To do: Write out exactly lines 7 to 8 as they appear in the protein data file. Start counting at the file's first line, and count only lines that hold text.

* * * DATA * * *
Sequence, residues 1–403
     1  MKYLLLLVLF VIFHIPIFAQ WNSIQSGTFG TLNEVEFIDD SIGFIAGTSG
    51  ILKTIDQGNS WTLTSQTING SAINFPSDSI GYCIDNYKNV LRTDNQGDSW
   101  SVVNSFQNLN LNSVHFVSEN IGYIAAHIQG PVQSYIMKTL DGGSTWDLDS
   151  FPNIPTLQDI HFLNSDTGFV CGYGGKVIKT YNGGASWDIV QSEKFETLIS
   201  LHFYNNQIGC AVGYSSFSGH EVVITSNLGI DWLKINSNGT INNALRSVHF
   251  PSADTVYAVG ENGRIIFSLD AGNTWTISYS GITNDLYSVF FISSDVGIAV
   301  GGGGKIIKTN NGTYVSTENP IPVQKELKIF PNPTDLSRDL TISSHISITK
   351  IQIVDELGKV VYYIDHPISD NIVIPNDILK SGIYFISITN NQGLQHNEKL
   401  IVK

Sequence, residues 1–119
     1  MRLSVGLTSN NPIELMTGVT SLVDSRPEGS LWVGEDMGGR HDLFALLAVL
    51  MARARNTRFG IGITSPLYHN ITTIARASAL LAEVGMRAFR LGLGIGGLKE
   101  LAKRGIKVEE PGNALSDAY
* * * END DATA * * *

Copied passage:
   251  PSADTVYAVG ENGRIIFSLD AGNTWTISYS GITNDLYSVF FISSDVGIAV
   301  GGGGKIIKTN NGTYVSTENP IPVQKELKIF PNPTDLSRDL TISSHISITK